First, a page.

My hon. Friend appears to have given up on his former valiant defence of the reason for this measure and has now played what he believes to be the trump card of localism. Perhaps he thinks, “If all else fails, bring out the localism card.” I have two points to make about that. First, the purpose of Parliament is that we are here to defend the freedoms of people right across the country, and wherever we see those freedoms being infringed, it is our duty to try to do something about it.
Secondly, one could just about use the localism principle to sustain an argument that in Shipley, to pick a place at random, the local authority should be able to do what it wants with its public toilets because even though we have on our doorstep Saltaire, which is a world heritage site and a fine place that I advise all hon. Members to visit, the centre of Shipley does not have a great number of tourists. That is regrettable. If people wandered down from Saltaire, which is only a mile or two away, they could soon be a tourist in Shipley, but it does not tend to happen. In London, however, the exact reverse is the case. These regulations will not only apply to Londoners because London has the distinction of having a large number of visitors from every part of the country. When my constituents, who know that local authorities cannot put turnstiles in toilets in their local area, come and visit London for a weekend break or a week’s holiday, they should be able to expect that the law of the land that applies in their part of the world applies in London too. It would be completely bizarre if all those people travelling down to London for a weekend were caught unawares by such draconian legislation. How on earth could they be expected to know that London has a completely different regime on all these matters of basic freedoms from that which applies in other parts of the country?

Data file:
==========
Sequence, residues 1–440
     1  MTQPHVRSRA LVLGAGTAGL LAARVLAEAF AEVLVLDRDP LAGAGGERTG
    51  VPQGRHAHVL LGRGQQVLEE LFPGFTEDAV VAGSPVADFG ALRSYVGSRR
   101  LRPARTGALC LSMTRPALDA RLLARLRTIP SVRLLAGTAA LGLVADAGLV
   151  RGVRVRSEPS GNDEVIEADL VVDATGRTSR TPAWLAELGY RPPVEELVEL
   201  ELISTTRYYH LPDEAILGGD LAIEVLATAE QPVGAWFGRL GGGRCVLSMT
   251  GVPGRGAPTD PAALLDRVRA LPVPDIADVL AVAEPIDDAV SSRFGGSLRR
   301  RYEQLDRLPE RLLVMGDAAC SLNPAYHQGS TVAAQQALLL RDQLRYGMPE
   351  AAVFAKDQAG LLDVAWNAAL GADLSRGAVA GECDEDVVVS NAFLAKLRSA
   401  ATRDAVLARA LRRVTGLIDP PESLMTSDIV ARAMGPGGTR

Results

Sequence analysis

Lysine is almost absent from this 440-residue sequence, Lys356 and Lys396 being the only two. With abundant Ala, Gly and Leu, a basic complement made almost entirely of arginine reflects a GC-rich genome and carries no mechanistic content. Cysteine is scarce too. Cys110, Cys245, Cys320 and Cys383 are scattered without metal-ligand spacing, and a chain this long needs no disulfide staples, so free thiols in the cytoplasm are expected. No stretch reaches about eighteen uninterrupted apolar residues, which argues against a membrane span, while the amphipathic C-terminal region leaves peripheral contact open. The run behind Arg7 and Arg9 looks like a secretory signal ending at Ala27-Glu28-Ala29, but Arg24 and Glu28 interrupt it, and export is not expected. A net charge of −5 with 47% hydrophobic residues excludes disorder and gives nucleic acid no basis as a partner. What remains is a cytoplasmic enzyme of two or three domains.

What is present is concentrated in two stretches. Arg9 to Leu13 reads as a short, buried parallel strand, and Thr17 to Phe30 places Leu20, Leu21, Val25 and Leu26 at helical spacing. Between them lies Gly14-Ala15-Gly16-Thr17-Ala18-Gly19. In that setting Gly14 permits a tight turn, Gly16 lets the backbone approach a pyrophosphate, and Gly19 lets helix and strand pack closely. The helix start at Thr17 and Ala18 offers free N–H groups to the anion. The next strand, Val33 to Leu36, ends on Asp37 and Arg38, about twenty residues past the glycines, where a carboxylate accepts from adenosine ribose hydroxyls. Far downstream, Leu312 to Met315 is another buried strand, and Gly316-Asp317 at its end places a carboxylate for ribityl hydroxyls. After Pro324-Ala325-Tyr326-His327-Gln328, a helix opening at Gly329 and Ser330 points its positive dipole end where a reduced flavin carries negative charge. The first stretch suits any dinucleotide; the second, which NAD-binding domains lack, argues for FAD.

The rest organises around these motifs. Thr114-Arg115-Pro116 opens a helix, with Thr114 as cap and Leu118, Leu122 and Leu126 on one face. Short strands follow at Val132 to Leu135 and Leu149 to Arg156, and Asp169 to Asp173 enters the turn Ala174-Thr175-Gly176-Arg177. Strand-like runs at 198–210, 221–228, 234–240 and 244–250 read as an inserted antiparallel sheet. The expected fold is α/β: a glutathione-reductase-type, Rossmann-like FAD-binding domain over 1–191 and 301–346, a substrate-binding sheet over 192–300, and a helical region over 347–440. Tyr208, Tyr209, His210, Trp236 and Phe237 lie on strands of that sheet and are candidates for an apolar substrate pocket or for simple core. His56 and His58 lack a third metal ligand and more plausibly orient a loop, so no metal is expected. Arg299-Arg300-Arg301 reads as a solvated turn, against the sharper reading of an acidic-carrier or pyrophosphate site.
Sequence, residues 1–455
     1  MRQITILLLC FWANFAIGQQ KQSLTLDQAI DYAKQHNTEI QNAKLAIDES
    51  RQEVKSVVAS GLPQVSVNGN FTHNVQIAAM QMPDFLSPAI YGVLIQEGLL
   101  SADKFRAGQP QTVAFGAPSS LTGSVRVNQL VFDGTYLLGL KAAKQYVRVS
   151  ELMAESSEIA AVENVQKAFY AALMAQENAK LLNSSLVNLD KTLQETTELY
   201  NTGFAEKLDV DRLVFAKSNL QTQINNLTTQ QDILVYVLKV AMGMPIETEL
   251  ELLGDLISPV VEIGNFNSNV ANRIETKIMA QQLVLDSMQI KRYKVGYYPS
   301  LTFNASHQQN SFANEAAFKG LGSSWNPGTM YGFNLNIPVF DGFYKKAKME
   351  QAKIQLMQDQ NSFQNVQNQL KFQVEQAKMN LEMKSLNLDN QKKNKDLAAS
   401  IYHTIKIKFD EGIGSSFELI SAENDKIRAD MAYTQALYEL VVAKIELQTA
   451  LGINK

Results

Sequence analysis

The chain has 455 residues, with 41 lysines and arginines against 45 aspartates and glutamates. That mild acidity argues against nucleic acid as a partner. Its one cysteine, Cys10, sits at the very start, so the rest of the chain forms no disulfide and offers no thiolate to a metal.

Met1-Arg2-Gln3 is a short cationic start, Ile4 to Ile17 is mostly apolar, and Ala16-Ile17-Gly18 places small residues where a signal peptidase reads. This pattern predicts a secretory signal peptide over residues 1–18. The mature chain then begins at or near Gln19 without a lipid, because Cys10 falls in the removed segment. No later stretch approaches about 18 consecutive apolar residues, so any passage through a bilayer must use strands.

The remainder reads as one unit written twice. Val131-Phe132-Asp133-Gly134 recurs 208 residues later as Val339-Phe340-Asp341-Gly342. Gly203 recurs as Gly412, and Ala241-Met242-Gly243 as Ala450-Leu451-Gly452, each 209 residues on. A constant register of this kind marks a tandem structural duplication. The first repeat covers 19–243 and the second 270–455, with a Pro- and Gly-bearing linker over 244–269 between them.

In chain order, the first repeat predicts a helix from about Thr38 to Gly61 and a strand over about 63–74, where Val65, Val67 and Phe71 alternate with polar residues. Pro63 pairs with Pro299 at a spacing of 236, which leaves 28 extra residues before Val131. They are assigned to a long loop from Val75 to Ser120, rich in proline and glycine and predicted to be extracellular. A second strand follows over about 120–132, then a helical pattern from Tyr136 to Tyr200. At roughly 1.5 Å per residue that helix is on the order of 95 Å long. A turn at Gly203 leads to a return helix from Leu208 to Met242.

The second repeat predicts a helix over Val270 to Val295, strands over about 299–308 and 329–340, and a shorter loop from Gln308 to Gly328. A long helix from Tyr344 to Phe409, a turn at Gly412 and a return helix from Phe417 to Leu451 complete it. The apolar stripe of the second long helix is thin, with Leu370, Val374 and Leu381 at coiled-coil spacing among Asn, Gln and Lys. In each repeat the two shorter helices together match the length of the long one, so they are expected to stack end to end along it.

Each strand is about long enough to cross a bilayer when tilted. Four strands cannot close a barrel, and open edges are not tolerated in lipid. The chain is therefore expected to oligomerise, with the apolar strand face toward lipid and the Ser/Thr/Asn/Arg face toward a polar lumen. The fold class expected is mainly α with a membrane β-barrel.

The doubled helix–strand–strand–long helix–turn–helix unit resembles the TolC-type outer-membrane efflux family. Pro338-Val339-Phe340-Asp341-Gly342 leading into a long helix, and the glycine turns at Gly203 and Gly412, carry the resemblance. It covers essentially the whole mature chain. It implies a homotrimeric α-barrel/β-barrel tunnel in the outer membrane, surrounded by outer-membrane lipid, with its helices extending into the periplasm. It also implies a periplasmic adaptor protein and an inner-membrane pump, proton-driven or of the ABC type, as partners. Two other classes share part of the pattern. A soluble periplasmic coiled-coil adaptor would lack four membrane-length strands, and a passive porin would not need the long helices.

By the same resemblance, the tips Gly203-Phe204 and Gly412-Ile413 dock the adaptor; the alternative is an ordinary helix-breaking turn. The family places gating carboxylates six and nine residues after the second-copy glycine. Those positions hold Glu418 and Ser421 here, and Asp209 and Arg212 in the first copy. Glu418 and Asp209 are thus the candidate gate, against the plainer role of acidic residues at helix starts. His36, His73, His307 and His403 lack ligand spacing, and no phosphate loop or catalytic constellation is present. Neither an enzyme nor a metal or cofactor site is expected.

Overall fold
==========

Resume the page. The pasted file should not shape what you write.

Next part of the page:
This power is not about localism unless it is provided to all local authorities in England. If we do not do that, we end up doing what a lot of my constituents think happens down here because they feel that this place is all about London—or all about Scotland, because we are hearing a lot about independence—but not about the regions. I bet my bottom dollar that we would not have much chance of getting a north Lincolnshire or an east Yorkshire local authorities Bill through this place.
If my hon. Friend did try to introduce such a Bill, I would probably be standing here speaking against it in the same way. I put that warning shot across his bows. However, he makes a good point. If we believe in localism, then we should at least give every local authority a fair crack of the whip by allowing it to have the same privileges that my hon. Friend the Member for Finchley and Golders Green is seeking for London. Whichever way one looks at it, there seems to be no justification at all for saying that London can do something that nowhere else can. That appears to be grossly unfair.
My hon. Friend is being extremely generous in giving way.